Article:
(KCPW News) When two pieces of legislation that overhaul Utah’s public employee retirement system came up for a vote in the Senate, Senator Jon Greiner was the only Republican to oppose them. He also had the chance to oppose them in committee, where he could have cast the deciding “no” vote, but he didn’t show up. So, why would he skip this crucial vote? Greiner says he had a scheduling conflict, and doubts that he could have actually stopped the bills from moving forward.
“So, I had a two-hour meeting with contractors on Wednesday. This was rescheduled on Friday and I had a commitment, although it could have been canceled. The issue was he simply could have moved it, and we could have started all over. It wasn’t worth it; it needed to come to the floor for discussion. ”
Because the bills’ sponsor, Republican Senator Dan Liljenquist, is also the chairman of the Senate Retirement and Independent Entities Committee, he could have taken the bills to a different committee for consideration, or even introduced them directly on the floor.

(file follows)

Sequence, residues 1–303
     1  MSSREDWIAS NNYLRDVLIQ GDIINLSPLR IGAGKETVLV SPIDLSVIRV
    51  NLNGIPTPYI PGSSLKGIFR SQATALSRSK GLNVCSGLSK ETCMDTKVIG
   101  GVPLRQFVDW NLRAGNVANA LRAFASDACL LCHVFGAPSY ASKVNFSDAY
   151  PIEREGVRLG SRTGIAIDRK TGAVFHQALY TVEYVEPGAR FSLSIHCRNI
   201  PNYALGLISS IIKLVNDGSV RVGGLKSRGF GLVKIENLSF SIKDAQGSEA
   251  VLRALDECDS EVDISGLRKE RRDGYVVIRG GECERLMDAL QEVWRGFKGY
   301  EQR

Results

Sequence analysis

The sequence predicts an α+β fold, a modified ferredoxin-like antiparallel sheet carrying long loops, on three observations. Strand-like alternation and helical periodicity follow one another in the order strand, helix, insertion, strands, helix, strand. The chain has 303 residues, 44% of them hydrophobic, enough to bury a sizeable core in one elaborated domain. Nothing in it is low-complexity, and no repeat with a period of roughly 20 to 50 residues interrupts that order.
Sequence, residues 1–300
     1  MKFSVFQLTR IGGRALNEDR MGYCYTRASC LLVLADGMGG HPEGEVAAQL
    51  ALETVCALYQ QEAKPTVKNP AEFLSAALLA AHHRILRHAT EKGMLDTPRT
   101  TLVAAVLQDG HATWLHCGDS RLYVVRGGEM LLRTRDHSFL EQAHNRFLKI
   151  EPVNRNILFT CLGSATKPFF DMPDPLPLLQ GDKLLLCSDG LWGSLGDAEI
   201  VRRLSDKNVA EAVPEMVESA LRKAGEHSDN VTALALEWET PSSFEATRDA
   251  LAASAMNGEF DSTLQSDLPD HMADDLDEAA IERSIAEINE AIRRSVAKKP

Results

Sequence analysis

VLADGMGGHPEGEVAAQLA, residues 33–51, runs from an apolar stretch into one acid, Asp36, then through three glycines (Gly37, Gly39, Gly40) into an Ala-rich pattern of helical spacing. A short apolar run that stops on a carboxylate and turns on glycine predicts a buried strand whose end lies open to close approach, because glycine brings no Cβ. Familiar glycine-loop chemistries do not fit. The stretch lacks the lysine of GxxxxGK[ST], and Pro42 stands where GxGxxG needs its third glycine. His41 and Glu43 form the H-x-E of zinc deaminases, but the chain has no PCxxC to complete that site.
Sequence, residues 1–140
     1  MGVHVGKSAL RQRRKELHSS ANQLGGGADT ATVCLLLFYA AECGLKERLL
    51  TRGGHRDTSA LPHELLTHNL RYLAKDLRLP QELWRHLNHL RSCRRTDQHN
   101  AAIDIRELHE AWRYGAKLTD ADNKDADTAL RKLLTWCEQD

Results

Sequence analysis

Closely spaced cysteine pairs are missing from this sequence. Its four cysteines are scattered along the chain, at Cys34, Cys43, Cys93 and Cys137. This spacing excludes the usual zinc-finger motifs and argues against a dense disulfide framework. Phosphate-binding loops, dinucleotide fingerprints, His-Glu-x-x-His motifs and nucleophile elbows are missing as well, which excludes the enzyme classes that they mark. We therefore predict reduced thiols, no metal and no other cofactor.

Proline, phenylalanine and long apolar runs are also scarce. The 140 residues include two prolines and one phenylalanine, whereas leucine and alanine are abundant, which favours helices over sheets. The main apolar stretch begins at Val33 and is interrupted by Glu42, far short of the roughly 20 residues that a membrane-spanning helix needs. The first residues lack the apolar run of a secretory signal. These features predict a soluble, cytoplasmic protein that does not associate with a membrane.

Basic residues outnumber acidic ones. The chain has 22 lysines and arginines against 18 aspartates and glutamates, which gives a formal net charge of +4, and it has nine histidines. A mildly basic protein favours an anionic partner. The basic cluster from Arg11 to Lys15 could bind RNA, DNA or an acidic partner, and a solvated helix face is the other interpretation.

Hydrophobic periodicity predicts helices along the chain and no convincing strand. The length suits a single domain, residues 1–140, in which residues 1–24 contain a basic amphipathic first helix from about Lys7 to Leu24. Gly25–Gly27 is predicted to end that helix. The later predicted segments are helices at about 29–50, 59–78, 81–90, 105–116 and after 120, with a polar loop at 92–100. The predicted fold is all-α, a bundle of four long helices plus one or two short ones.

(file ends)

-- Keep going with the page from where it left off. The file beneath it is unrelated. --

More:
However, Liljenquist said the Legislature tries to avoid those kinds of evasive maneuvers on important issues that deserve lengthy public comment and debate.
“When something is this important, we rarely try to have an end run in committee,” said Liljenquist. “You can see from the three-hour debate yesterday that there’s a lot of interest from both sides. So clearly there’s some challenges we have to face, and I feel comfortable that we had pretty vigorous debate on that and then we got to the right result.”
Senator Greiner voted “No” on Senate Bills 43 and 63, which eliminate a double-dipping loophole that allows retired employees to collect a pension even after resuming full-time employment, and reduce benefits for new employees hired starting July 2011. As Ogden Police Chief, Greiner is a public employee himself.